• further reviewing its guidance on reporting serious incidents to ensure it is as clear and user friendly as possible
  • working with the sector and other government departments to raise awareness of the importance and benefits of reporting serious incidents and target under-reporting

“No major concerns” about historic reports of serious incidents

As part of its ‘deep-dive’, the taskforce reviewed over 5,500 historic records relating to safeguarding concerns dating back to 2014. The purpose of this work was to identify any possible gaps in full and frank disclosure in charities and to determine, based on the information in the regulator’s records, whether the Commission and charities had responded appropriately to each incident.

The report makes clear that, based on the information recorded at the time, there are no historic cases giving rise to serious or urgent concerns about either the Commission’s handling at the time, or a charity’s response.

The taskforce identified only one case in which it was not clear, from the records, whether a potentially criminal matter had been reported to the police. The taskforce took quick action to ensure that the matter had been reported.

Sarah Atkinson said:

This deep-dive was an important, but limited exercise designed to interrogate our records and establish whether there are any red flags arising from the way a charity reported an issue to us, or from the way we responded at the time. I am reassured by the findings of this work, but would stress that any charity that may not yet have reported a historic serious incident to us, or may have concerns about the information they provided to us in a historic report, to take urgent action to remedy this by getting in touch with us.

Improved whistleblowing guidance

As part of its response to the safeguarding revelations, the Commission also committed to reviewing its approach to whistleblowing - reports from individuals currently involved in a charity as a staff member or volunteers.

The Commission has now published updated guidance that helps people better understand when, and how, they can report possible wrongdoing to the regulator so that it is as easy as possible for people who make what is often a brave decision to come to the Commission with concerns. The Commission is also providing further training for front line staff and managers on the knowledge and skills needed to handle whistleblowers and the concerns they raise effectively. It also plans to pilot a dedicated helpline service for whistleblowers starting later this year.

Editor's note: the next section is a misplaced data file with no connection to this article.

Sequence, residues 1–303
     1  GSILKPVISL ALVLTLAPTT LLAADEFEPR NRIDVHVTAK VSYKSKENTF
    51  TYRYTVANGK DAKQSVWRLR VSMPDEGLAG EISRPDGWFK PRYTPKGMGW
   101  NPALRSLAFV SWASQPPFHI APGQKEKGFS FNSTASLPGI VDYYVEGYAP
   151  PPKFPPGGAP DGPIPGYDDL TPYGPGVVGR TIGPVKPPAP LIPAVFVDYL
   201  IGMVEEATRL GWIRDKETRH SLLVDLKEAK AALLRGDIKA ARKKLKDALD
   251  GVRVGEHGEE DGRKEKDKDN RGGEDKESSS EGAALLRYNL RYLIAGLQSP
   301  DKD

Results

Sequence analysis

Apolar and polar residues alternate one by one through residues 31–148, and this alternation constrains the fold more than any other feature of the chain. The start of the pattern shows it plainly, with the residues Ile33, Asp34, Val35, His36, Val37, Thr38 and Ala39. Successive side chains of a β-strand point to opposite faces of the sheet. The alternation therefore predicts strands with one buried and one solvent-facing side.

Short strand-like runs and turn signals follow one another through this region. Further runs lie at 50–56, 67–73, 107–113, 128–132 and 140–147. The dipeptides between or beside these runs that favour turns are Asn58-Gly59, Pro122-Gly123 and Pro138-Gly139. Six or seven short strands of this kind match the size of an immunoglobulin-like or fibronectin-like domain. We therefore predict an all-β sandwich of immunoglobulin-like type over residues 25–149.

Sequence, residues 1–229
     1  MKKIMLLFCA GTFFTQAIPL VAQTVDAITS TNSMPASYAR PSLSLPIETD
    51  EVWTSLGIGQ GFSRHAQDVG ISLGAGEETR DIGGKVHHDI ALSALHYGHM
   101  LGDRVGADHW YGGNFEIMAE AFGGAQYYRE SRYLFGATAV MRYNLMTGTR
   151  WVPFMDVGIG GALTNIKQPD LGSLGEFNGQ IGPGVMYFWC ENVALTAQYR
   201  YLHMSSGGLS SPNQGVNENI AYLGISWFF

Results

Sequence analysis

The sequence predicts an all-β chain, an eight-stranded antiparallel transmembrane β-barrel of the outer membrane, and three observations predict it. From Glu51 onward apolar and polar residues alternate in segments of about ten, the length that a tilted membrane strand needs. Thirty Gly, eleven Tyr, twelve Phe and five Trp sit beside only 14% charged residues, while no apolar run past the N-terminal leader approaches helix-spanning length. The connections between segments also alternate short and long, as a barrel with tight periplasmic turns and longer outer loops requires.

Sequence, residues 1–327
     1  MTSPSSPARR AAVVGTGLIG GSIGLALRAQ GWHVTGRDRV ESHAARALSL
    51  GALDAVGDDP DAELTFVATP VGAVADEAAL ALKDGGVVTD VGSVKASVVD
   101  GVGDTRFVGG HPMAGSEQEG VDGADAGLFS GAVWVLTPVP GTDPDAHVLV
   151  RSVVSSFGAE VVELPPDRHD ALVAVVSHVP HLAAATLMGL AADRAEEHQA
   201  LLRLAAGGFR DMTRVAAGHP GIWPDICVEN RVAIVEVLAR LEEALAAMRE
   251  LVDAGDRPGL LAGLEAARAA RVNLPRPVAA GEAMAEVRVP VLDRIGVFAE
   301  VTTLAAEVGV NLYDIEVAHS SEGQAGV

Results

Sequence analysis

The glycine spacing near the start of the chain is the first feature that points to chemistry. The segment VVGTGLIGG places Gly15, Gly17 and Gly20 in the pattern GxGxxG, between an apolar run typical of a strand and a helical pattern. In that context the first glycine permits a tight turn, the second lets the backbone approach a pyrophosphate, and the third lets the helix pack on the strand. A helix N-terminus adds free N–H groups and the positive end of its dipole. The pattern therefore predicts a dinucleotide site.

Updated guidance on reporting serious incidents by charities

The Commission has also updated its guidance to charities on reporting serious incidents, clarifying a number of areas where charities have indicated that it was not clear enough. For example, the Commission has provided additional guidance on when and how to report potential criminal offences that may have taken place abroad.

The regulator continues to review this guidance to ensure it is as clear and user-friendly as possible.

Notes to editors

  1. The Commission is the registrar and regulator of charities in England and Wales. We regulate over 168,000 charities working domestically and internationally.
  2. We opened a statutory inquiry into Oxfam in February and have published the scope of the inquiry. We also opened a statutory inquiry into Save the Children in April.
  3. The Charity Commission has an important regulatory role in ensuring that trustees comply with their legal duties and responsibilities in managing their charity. In the context of safeguarding issues, we have a specific regulatory role which is focused on the conduct of trustees and the steps they take to protect beneficiaries and other persons who come into contact with the charity.
  4. Our aim is to make sure that charities that work with or provide services to vulnerable beneficiaries comply with their legal duties, and take reasonable steps to protect them from harm and minimise the risk of abuse.
  5. Safeguarding has been a priority regulatory risk issue for the Commission since 2010 and this will continue. We have increased and intensified our regulatory interventions on safeguarding, including on a number of high profile cases, and our joint work with the Department for International Development and law enforcement agencies.
  6. Our remit requires us to work effectively with other UK specialist authorities. The Commission is not an inspectorate or agency, similar to CQC or Ofsted. We are not a criminal prosecuting authority, nor an arm of the police, which means we should not be expected to gather information for or report on charities’ behalf to the police or other regulators or agencies.
  7. Regardless of our specific remit and role, the number of incidents we are dealing with is increasing, and demand on our services in almost every area is growing. With around 350 permanent staff, dealing with 100,000 contact requests a year, regulating 950,000 trustee roles and 168,000 registered charities, we are limited in the proactive engagement we can have with individual charities and trustees.